Saudi Arabia and Russia responded to US demands in an effort to improve the Republican Party’s fortunes in the midterm elections. Saudi Arabia’s desire to satisfy Trump increased with the murder of Saudi journalist Jamal Khashoggi in its consulate in Istanbul. The case gave Trump a powerful advantage, a means to extort full Saudi obedience, especially as he became the de facto protector of the Saudi Crown Prince, Mohammed bin Salman, from the repercussions of this crime.
On the other hand, Qatar’s decision to withdraw comes at a time when OPEC membership has become a political risk. In addition to Trump’s repeated attacks on the organization, the US Department of Justice has officially begun reviewing the NOPEC legislation to rein in the power of the cartel. If enacted in the United States, members of the organization would be subject to legal prosecution under the Sherman Anti-Monopoly Act of 1890, enacted at that time to dismantle the empire of US billionaire John Rockefeller.8
Experts say that Qatar’s OPEC exit will have a positive impact on its economy, because it frees its production line from the restrictions determined by oil-dependent OPEC countries, and this will allow it to increase its efforts in the gas industry and strengthen its influence in the market.9
As far as OPEC is concerned, Qatar’s decision is expected to encourage other OPEC members, discontented with Saudi individuality, to pull out. The oil market has now become highly entangled with the Saudi and Russian agreements to keep supplies under control, threatening the Organization’s future and weakening its ability to Control supply and demand.10 This was clearly reflected in the position of Iran’s OPEC delegate, Hossein Kazempour Ardebili, who expressed his regret over the Qatari decision, but also noted his understanding of the Qatari “frustration” with OPEC that led to the move. The delegate went on to add that many OPEC members are disappointed that the Joint Ministerial Monitoring Committee, chaired by Saudi Arabia and Russia, is taking decisions on production alone and without prior agreement within OPEC, the Iranian delegate said.11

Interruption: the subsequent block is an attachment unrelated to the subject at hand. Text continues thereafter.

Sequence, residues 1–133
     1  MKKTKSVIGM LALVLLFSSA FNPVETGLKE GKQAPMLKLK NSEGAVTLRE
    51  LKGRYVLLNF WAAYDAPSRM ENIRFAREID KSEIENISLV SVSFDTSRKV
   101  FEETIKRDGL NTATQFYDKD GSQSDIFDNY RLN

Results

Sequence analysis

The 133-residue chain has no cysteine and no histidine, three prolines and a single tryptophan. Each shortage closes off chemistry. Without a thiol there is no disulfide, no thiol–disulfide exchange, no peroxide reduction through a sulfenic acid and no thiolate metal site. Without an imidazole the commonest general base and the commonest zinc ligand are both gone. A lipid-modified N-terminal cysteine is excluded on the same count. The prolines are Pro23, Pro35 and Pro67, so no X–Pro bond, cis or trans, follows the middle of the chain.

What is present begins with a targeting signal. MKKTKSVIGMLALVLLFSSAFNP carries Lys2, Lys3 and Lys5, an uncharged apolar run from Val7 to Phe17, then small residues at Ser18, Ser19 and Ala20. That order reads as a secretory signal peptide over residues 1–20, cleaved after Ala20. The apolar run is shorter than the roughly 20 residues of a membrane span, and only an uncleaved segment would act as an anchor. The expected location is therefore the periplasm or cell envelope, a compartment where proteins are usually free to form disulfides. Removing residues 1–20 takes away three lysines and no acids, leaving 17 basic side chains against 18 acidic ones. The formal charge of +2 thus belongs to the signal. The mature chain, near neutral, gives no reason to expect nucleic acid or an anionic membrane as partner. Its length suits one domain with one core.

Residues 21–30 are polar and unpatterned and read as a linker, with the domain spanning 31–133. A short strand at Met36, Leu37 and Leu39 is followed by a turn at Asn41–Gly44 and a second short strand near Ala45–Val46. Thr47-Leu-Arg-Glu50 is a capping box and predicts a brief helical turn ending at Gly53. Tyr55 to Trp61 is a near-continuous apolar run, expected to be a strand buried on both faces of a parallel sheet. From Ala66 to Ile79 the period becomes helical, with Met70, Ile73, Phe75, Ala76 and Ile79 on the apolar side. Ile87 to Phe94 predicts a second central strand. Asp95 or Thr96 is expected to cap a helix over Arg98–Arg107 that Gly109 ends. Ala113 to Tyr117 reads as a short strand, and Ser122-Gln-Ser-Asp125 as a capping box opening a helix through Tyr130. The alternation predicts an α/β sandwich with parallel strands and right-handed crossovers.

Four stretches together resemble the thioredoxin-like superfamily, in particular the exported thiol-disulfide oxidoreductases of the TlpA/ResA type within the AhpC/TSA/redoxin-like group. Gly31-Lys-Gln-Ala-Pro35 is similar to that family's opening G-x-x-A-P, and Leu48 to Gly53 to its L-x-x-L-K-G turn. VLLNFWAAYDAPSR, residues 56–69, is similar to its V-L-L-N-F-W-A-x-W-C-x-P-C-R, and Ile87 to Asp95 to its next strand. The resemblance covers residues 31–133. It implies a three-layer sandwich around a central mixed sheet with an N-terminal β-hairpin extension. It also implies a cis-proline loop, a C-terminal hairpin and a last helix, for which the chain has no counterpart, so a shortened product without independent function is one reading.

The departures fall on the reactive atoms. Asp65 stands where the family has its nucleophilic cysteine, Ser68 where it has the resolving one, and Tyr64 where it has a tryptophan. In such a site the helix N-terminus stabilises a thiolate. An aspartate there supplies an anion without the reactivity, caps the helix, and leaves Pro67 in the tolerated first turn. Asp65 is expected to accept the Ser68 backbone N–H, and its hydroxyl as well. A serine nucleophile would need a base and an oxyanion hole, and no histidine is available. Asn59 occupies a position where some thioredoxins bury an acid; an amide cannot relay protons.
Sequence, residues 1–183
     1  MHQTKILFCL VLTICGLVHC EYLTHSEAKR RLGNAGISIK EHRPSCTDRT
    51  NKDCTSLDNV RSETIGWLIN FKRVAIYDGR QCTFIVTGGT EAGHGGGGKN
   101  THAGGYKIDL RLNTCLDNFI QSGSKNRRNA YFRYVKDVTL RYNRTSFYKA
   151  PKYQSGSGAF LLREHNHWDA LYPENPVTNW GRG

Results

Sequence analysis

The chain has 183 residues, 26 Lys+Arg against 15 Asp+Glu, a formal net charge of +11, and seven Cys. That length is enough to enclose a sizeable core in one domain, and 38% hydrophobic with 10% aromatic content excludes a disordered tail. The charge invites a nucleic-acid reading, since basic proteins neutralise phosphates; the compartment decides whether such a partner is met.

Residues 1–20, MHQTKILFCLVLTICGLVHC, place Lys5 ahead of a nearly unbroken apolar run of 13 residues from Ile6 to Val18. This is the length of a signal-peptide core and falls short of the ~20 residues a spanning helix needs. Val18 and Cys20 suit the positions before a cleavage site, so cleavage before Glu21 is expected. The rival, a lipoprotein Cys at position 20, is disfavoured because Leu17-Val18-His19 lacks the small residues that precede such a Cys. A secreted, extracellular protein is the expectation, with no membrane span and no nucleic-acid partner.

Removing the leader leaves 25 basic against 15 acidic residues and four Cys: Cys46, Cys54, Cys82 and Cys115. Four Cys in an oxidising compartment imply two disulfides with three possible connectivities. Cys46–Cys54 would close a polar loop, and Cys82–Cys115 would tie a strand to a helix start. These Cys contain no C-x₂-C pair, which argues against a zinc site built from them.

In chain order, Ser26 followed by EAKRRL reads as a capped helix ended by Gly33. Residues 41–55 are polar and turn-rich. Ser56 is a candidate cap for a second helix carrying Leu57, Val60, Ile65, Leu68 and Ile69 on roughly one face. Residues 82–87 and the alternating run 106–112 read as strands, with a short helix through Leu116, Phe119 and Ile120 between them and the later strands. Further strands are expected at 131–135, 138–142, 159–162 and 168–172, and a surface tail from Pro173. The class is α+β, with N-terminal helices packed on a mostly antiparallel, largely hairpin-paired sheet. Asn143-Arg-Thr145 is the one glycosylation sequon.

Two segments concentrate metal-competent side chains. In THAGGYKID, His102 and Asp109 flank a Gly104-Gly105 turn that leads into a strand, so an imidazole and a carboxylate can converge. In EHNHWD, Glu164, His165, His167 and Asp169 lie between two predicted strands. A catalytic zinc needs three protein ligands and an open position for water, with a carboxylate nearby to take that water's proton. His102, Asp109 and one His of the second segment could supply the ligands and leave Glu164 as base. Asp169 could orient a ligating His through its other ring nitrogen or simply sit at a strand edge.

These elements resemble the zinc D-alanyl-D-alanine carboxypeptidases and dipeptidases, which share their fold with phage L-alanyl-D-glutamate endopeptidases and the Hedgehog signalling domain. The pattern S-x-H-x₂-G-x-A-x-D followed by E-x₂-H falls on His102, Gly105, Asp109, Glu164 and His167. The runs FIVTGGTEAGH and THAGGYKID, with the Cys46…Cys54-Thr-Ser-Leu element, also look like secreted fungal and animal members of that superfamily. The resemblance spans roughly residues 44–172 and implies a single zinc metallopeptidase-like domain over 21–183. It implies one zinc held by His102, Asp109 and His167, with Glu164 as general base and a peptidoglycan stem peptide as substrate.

The Qatari decision to withdraw from OPEC appears to be linked to Qatar’s energy strategy. It has created a safe path that liberates it from pressures and commitments that may be unfair at times. Qatar sees its oil and gas capabilities realistically and recognizes its limitations in the former, while aspiring to maintain its global lead in the LNG industry by operating within a plan extending into 2024. However, the geo-political context of the decision, related for the most part to the behavior of Saudi Arabia within OPEC and Saudi marginalization of the Organization in its external conduct (through coordination with Russia and its subservience to Trump). With Qatar’s exit, the Organization’s crisis deepens. Other countries may move towards independent production policies away from OPEC, unless they sense a shift in Saudi attitudes that will restore the interests of member states.
1 Hamza Shaban, “Qatar to withdraw from OPEC over feud with Saudi Arabia”, Washington Post, 2/12/2018 accessed 5/12/2018 at: https://goo.gl/dmkb9Z
2 OPEC, “Member Countries,” accessed on 4/12/2018, at: https://goo.gl/JUaNPU
3 OPEC, “Qatar Gives Notice of its Withdrawal from OPEC,” 3/12/2018, accessed on 4/12/2018, at: https://goo.gl/UtByZW
4 OPEC, OPEC Statute (Vienna: OPEC, 2012), pp. 3-4, accessed on 4/12/2018, at: https://goo.gl/edKTwH
5 Qatar Profile, Gas Exporting Countries Forum, accessed 5/12/2018 at: https://www.gecf.org/countries/qatar
6 Mohammed Afzaz “What is behind the withdrawal of Qatar .. Has OPEC become useless?” Tellereport (Translation of Aljazeera report) 12/3/2018, last accessed 5/12/2018 at: https://goo.gl/UbSwtw
7 “Qatar Pulls Out of OPEC Oil Producers’ Cartel,” BBC, 3/12/2018, accessed on 4/12/2018, at: https://goo.gl/jiaCcS
8 Walid Ahmed, Dan Murtaugh & Javier Blas, “Qatar to Leave OPEC as Politics Finally Rupture Oil Cartel”, Bloomberg, 3/12/2018, accessed on 4/12/2018, at: https://goo.gl/25wGFJ
9 “Doha exits OPEC to take a swipe at Riyadh”, China Daily, 6/12/2018, last accessed 6/12/2018 at: http://www.chinadaily.com.cn/a/201812/06/WS5c085694a310eff30328f559.html
10 “Qatar Pulls Out of OPEC to Focus on Gas Production”, The Guardian, 3/12/2018, accessed on 4/12/2018, at: https://goo.gl/t2PiWR
11 “Iran Says OPEC Members Who Increased Output Should Take Lead on Cuts” New York Times, 3/12/2018, last accessed 5/12/2018 at: https://www.nytimes.com/reuters/2018/12/03/business/03reuters-oil-opec-iran-interview.html